Name of the Rose Analysis Questions

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Eco, Umberto. The Name of the Rose. 1st ed. New York: Harcourt Inc, 1994. 21-502.


1.        The role of St. Benedict influences life in the monastery by setting specific rules that monks should follow.  In Chapter 6 of the St Benedict rules, it portrays the essence of silence, but does not rule out any dire discussion. This rule is applied during Compline which is when the “monk’s meal proceeded in silence, as is customary” (94).  In relation to the Cellarer, chapters 31-32 in the Rule explain that the Cellarer is responsible for important valuables of the abbey. While Salvatore was in the kitchen, the chief cook noticed that he was hiding some chicken scraps and he scolded him saying, “Cellarer, cellarer, you must look after the goods of the abbey, not squander them!”(121). He reminded Salvatore of the rule that he follows. Abbot Abo expresses chapter 56 of the Rule, which directs that the abbot shall take his meals with the guests. He does this on the first day during Compline, “the abbot invited William to his table and said that for this evening, since I was also a new guest, I would enjoy the same privilege” (93). Malachi the Librarian renders chapter 33 of the Rule which forbids the private possession of anything without the leave of the abbot. He explained the process that is conveyed when distributing books from the library, “the monk asked the librarian for the work he wish to consult and the librarian then went to fetch it from the library above, if the request was justified and devout” (74).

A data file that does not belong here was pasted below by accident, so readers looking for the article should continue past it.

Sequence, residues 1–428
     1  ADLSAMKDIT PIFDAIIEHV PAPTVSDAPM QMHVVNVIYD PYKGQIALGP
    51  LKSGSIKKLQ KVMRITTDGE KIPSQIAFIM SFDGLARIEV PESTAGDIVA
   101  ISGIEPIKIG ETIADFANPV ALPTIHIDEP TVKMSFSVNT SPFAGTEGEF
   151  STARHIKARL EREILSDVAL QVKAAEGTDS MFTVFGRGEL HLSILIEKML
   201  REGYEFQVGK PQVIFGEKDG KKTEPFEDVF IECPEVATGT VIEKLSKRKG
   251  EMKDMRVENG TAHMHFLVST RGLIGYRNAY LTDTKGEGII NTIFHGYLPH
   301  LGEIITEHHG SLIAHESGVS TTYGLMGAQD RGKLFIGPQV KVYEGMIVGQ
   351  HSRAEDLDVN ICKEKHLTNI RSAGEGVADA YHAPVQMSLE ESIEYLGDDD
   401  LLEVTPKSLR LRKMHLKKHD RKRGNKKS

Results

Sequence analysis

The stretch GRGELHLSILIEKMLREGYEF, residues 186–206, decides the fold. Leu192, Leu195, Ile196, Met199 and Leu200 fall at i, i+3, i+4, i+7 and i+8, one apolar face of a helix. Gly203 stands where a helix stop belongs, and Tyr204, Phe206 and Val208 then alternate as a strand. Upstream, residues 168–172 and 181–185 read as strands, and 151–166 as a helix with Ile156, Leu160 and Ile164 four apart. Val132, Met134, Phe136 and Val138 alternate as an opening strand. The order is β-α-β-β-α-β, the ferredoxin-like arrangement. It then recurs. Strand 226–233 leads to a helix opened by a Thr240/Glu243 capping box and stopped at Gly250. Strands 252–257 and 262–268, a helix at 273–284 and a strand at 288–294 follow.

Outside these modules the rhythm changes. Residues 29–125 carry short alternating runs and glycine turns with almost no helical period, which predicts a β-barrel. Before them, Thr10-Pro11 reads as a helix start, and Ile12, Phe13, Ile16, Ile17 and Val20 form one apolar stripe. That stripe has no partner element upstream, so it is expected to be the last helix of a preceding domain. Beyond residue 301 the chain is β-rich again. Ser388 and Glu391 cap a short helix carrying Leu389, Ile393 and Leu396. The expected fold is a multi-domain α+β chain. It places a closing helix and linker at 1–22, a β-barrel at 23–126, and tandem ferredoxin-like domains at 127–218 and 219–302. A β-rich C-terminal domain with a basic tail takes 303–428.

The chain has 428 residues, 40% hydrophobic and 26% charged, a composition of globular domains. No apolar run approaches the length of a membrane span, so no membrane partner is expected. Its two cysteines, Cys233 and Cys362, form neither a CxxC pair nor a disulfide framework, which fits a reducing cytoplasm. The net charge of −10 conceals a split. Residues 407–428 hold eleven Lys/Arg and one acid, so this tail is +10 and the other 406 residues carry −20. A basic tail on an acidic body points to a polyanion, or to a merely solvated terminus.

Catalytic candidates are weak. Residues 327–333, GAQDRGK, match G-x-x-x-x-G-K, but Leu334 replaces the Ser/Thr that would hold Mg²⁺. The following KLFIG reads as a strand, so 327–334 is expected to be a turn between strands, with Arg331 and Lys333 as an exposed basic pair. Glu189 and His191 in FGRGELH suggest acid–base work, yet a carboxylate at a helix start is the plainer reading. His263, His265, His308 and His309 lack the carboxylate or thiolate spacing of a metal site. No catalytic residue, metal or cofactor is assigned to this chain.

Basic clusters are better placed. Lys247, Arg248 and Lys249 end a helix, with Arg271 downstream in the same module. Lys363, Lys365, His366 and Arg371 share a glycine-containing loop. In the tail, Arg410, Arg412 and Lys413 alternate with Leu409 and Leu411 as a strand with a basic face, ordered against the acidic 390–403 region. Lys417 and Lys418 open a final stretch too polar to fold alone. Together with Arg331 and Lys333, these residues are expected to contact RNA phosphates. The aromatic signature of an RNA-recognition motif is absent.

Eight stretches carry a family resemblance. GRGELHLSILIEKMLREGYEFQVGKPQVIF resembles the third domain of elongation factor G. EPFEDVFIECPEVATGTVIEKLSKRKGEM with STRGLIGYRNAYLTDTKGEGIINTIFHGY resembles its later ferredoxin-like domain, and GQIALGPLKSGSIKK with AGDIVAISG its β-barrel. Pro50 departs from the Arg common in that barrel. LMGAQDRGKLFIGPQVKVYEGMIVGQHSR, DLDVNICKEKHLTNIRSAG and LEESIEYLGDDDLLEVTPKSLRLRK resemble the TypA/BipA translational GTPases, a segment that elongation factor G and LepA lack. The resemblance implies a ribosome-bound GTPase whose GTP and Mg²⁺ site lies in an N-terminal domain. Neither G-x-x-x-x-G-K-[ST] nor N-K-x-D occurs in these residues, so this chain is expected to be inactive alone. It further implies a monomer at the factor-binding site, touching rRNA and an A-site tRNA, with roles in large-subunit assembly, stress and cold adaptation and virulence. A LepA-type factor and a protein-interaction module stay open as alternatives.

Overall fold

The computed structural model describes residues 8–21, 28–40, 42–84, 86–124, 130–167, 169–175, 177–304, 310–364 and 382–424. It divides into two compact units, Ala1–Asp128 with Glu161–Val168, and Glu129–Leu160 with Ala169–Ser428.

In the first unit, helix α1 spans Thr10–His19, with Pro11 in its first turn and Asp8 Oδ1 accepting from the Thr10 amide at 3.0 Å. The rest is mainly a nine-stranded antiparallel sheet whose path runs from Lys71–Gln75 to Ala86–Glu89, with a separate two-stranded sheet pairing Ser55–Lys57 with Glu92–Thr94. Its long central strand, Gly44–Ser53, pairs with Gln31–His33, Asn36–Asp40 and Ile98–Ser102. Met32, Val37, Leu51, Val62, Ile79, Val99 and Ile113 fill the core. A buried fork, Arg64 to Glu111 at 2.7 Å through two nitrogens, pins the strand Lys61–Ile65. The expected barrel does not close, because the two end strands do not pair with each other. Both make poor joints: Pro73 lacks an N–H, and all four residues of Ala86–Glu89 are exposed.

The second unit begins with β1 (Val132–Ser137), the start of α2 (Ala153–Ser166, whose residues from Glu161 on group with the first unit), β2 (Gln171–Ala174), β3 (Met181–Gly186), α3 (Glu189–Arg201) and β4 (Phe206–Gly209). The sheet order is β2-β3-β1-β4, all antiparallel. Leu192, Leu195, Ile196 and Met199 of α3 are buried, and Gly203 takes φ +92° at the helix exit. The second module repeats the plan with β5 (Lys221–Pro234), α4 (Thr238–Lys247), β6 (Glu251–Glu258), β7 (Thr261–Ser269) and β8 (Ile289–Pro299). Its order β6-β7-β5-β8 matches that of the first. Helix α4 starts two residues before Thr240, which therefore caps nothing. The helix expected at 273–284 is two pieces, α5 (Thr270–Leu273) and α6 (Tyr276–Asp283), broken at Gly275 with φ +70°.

2.        Eco sets up the interest concept of “knowing is seeing” during the conversation between William, Adso and the master glazier, Nicholas of Mormimondo. People sometimes do not accept new improvements to life, just because it does not come in accord with what they believe in.  They might know what it may do but do not believe in it. William expresses this idea when he’s describing why he had to restrain himself from using his glasses during trials saying, “I myself, during trials in which someone was suspected of dealings with the Devil, have had to take care not to use these lenses…I myself would have been considered a friend of the accused” (87). It proves how those that were present were not mentally ready to see such an instrument as the glasses he hid. Nicholas’ profession as a master glazier collaborates the metaphor even more since he did not know of the works that could be done with glass to sharpen ones eyesight and that glassmaking is not only for the manufacture of windows. He expresses great interest in the lenses when William spoke of it saying, “I hope you will allow me to examine them one of these days; I would be happy to produce some similar ones,” (86).  Unlike ignorant people that were at the trial with William, Nicholas welcomed the new finding and rejoiced at such a wonder. William gives an excellent metaphor when he replies to Nicholas’ statement on how he feels that he cannot compare to the ancient master glaziers when he says, “ We are dwarfs, but dwarfs who stand on the shoulders of giants, and small though we are, we sometimes manage to see farther in the horizon then they” (86). His response meant that though he might not have been able to compose glass windows as those before him, which does not mean that he can not formulate something equally magnificent to it. Many may understand the concept of “knowing is seeing” but until they truly believe it, they’ll have nothing.

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3.        The discovery of Vanantius’ body in the vat of pig’s blood contains two allusional references. One being a biblical allusion in the Old Testament concerning the symbolism of pig’s blood. In Deuteronomy 14:4 it speaks of the consumption and touch of the meat and blood of a pig as being unclean. A comment towards the blood is made when Vanantius’ body was being removed from the scene saying, “The abbot ordered the corpse to be extracted from the ghastly liquid” (104). Referring to the blood as a “ghastly liquid” supports the biblical allusion. The second allusion is one referring ...

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